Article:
Algonquin Aki Sibi Indigenous Protected Area Project

The above was presented at the March 9-12, 2021 Virtual Research Summit.

Ce qui précède a été présenté au Sommet de Recherche Virtuel du 9 au 12 mars 2021.

The following was an ePoster/eMedia submission to the March 9-12, 2021 Virtual Research Summit by Kebaowek First Nation and Rosanne Van Schie of University of Toronto. Click on the video below to view.

Voici une présentation ePoster/eMedia au Sommet de Recherche Virtuel du 9 au 12 mars 2021 par Kebaowek First Nation et Rosanne Van Schie avec l’Université Toronto. Cliquez sur la vidéo ci-dessous pour la visualiser.


(Lisez la version française ci-dessous.)

Beginning in June 2019 the Algonquin Aki Sibi Project is an effort to conserve and promote Algonquin traditional ecological knowledge via land and waterway Aki-Sibi community conservation projects. These projects are led by seven partner Algonquin communities Kebaowek, Mitchikinibikok-Inik Barriere Lake, Winneway- Long Point, Kichisakik, Wolf Lake, Kitigan Zibi and Temiskaming The Aki Sibi Protected Area vision is for a network of Algonquin Protected and Conservation Areas and other effective conservation measures (OECMs) that are shaped by the participating communities’ individual cultures and characters, offering a variety of landscapes and values to meet this national challenge.


A partir de juin 2019, le projet Algonquin Aki Sibi est un effort pour conserver et promouvoir les connaissances écologiques traditionnelles des Algonquins par le biais de projets de conservation des terres et des voies navigables de la communauté Aki-Sibi. Ces projets sont menés par sept communautés algonquines partenaires : Kebaowek, Mitchikinibikok-Inik Barriere Lake, Winneway- Long Point, Kichisakik, Wolf Lake, Kitigan Zibi et Temiskaming La vision de la zone protégée d’Aki Sibi est celle d’un réseau de zones protégées et de conservation algonquines et d’autres mesures de conservation efficaces (OECM) qui sont façonnées par les cultures et les caractères individuels des communautés participantes, offrant une variété de paysages et de valeurs pour relever ce défi national.

Go back to eMedia presentations.

Retournez aux présentations eMedia.

Brady Highway, “Thundering Ahead: Campaign for Canada’s Wanuskewin Heritage Park”

Indigenous knowledge and conservation workshop.
November 15, 2018

Hosted by the Parks Research Network at the University of Alberta

Summary Notes

  • Partnerships need to make sense and involve local communities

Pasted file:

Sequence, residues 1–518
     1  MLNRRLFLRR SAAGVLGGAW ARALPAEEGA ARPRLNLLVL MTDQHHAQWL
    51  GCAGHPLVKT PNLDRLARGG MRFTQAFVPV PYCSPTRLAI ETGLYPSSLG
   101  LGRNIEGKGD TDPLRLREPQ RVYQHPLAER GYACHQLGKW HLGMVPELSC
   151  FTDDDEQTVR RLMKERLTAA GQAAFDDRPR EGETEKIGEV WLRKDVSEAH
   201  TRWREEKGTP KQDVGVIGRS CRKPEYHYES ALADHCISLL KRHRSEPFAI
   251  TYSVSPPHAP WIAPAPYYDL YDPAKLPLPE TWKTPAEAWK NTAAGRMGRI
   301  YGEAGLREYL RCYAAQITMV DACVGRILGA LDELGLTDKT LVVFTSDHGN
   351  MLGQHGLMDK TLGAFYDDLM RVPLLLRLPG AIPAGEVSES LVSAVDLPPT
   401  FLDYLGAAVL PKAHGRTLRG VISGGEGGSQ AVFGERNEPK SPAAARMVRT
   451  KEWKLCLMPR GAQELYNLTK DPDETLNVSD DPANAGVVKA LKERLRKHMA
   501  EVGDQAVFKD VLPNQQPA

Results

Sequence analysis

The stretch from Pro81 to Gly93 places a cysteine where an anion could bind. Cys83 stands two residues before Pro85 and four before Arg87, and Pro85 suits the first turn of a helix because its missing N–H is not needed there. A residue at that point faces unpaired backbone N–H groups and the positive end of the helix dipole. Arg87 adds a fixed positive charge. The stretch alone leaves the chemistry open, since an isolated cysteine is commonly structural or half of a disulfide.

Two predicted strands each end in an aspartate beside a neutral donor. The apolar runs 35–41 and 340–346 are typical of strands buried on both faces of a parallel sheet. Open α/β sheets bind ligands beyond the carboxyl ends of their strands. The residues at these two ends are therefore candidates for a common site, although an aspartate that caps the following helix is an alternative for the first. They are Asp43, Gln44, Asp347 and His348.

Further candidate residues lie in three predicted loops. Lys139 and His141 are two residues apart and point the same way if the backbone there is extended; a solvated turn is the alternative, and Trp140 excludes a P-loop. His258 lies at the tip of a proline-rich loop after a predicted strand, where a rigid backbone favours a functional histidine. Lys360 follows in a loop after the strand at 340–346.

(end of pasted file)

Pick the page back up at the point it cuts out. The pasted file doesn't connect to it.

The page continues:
• Sharing in the resources and educating people – not just transferring knowledge for economic benefit
  • Unique part of the park – Elders council (contrast to Parks Canada which is very centrally focused) that helps to ensure their vision is implemented in the park
  • If research proposal does not make sense to the community it cannot be engaged with – Indigenous communities present the issues they would like to explore to researchers and government
  • Focus on education to visitors (40,000 visitors/year – this will likely triple)
    • Many visitors from school (K-12)
  • Indigenous communities want to be able to engage in their own research and publish their own findings
  • The park is considered a learning beacon with relationships to universities (with Indigenous methodologies in mind)
  • Hope to increase the size of the park – need partnerships and investments (in the local communities) for this
  • As capacity is built in parks – it needs to transfer into the local communities

Comments from Workshop Facilitator, Thomas Snow

  • How do we speak to important issues while we work within an institution?
    • Institutions are not always interested in changing, especially when driven by monetary means
    • Underlying theme in workshop – the need to build bridges, create relationships, and create allies within work places
  • One of the ways to do this – put Indigenous voices first

Workshop Breakout Session Notes

  • Indigenous voices first – guiding questions limit the conversations
  • Brady Highway – what do the settler communities want from Indigenous communities? To take away knowledge?
  • Find a place to create space for Indigenous people to lead the way in conservation
  • Tension between “taking away knowledge” and wanting to engage with Indigenous communities
  • How can a single representative from Indigenous communities speak on behalf of a large amount of people (who all have varying values and opinions)?
  • Comparing differences between communities is not productive
  • “How to make this more human for Indigenous People” – with regards to collaboration on parks management and conservation
  • Challenges with framing PR – ensuring information shared to the public is fair to everyone
  • What about revenue generation for the local Indigenous communities?
  • Creating a place for productive conversations to occur and facilitate these discussions – the communities will decide what is appropriate for conservation management